How to change calibration factor to Kg

Hi, im using a code and I want to change the calibration factor to Kilograms. Can anyone share thoughts on how to change the factor to kg? Thanks!

Btw this is the code:

/*
 Example using the SparkFun HX711 breakout board with a scale
 By: Nathan Seidle
 SparkFun Electronics
 Date: November 19th, 2014
 License: This code is public domain but you buy me a beer if you use this and we meet someday (Beerware license).
 
 This example demonstrates basic scale output. See the calibration sketch to get the calibration_factor for your
 specific load cell setup.
 
 This example code uses bogde's excellent library: https://github.com/bogde/HX711
 bogde's library is released under a GNU GENERAL PUBLIC LICENSE
 
 The HX711 does one thing well: read load cells. The breakout board is compatible with any wheat-stone bridge
 based load cell which should allow a user to measure everything from a few grams to tens of tons.
 Arduino pin 2 -> HX711 CLK
 3 -> DAT
 5V -> VCC
 GND -> GND
 
 The HX711 board can be powered from 2.7V to 5V so the Arduino 5V power should be fine.
 
*/

#include "HX711.h"

#define calibration_factor -7050.0 //This value is obtained using the SparkFun_HX711_Calibration sketch

#define DOUT  3
#define CLK  2

HX711 scale(DOUT, CLK);

void setup() {
  Serial.begin(9600);
  Serial.println("HX711 scale demo");

  scale.set_scale(calibration_factor); //This value is obtained by using the SparkFun_HX711_Calibration sketch
  scale.tare();	//Assuming there is no weight on the scale at start up, reset the scale to 0

  Serial.println("Readings:");
}

void loop() {
  Serial.print("Reading: ");
  Serial.print(scale.get_units(), 1); //scale.get_units() returns a float
  Serial.print(" lbs"); //You can change this to kg but you'll need to refactor the calibration_factor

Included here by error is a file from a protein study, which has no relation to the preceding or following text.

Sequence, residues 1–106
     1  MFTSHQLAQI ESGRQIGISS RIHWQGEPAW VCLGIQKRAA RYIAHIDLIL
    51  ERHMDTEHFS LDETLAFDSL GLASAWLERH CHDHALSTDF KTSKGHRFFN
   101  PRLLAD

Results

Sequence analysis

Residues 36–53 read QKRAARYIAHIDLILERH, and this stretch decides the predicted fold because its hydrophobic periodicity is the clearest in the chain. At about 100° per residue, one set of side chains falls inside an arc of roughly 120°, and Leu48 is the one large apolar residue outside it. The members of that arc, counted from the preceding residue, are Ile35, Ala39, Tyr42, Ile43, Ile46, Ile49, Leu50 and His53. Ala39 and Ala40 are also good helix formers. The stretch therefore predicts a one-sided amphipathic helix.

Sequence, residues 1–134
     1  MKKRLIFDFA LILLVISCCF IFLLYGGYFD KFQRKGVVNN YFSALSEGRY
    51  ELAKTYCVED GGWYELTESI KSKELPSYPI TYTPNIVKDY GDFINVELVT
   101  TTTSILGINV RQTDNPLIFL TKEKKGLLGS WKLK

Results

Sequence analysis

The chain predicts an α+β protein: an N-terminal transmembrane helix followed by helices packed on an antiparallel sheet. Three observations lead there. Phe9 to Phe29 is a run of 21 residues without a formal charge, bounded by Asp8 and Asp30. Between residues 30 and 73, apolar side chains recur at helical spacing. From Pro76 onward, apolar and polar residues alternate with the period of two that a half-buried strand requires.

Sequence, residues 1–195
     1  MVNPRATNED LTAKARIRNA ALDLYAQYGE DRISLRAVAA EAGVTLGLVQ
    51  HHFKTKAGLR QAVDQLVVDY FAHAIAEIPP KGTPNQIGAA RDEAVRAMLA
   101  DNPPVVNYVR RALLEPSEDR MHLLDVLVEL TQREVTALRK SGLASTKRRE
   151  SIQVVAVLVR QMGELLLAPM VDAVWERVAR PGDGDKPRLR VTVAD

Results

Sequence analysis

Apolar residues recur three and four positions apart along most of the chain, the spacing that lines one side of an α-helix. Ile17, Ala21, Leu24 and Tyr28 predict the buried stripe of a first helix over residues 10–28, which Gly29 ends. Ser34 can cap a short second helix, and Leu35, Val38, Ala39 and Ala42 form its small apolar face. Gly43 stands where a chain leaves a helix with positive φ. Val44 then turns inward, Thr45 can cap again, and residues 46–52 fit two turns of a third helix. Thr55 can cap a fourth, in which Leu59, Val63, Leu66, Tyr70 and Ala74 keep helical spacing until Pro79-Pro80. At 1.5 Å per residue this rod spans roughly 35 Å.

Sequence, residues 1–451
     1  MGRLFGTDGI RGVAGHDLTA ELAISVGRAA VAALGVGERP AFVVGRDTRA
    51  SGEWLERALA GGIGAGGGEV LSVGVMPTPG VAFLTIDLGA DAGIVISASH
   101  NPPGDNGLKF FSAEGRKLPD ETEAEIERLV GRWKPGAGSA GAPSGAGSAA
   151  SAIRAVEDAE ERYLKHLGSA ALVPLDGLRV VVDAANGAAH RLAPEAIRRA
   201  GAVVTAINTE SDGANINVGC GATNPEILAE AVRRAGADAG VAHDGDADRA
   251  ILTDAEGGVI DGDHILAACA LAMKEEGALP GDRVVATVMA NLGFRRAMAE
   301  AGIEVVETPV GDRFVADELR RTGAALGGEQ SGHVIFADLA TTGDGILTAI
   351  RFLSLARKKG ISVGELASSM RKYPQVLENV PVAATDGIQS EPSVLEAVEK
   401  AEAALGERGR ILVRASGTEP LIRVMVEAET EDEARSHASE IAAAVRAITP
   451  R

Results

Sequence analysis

Serial.println();
}

Why not put a known weight on the scale, and calibrate it yourself?

Computers (and microcontrollers) are really-really good at math... ;) But, you have to give it the "formula" or equation/expression.

Try this:

Serial.print(0.454 * scale.get_units(), 1); //scale.get_units() returns a float

Serial.print(" kg");

License: This code is public domain but you buy me a beer if you use this and we meet someday (Beerware license).

:D :D :D I've never seen that one before! :D :D :D

DVDdoug: Computers (and microcontrollers) are really-really good at math... ;)

Generally, they're properly rubbish at mathematics, but rather good at arithmetic. ;)

Groove: Generally, they're properly rubbish at mathematics, but rather good at arithmetic. ;)

In binary, at least.

I would imagine that you need to either multiply or divide the calibration factor for pounds by 2.205.

I can't say whether it is multiply or divide because i don't know how the calibration factor is used.

If you try both methods, and you are lucky, one will be correct, the other out by a factor of around 5.

  Serial.print(" lbs"); //You can change this to kg but you'll need to refactor the calibration_factor

Translation: I'm a Murrican, programming for other Murricans, and if you don't use Murrican units, well, that's your problem, not mine!

If you buy him a beer, make it a Budweiser or some such. Murrican units gets you Murrican beer.

I feel like when I am programming, I tend to forget units. But in recent years, I've reformed a habit of including units in the names such as timer1_us, factor_kg_per_lb or factor_kg_per_input etc. so I know the unit of each variable or which way the factor converts numbers. I don't think programmers or many engineers practice this in programming in general.

macoy-marc:

define calibration_factor -7050.0 //This value is obtained using the SparkFun_HX711_Calibration sketch

Use the calibration sketch with Kgs, or is that a bit obvious?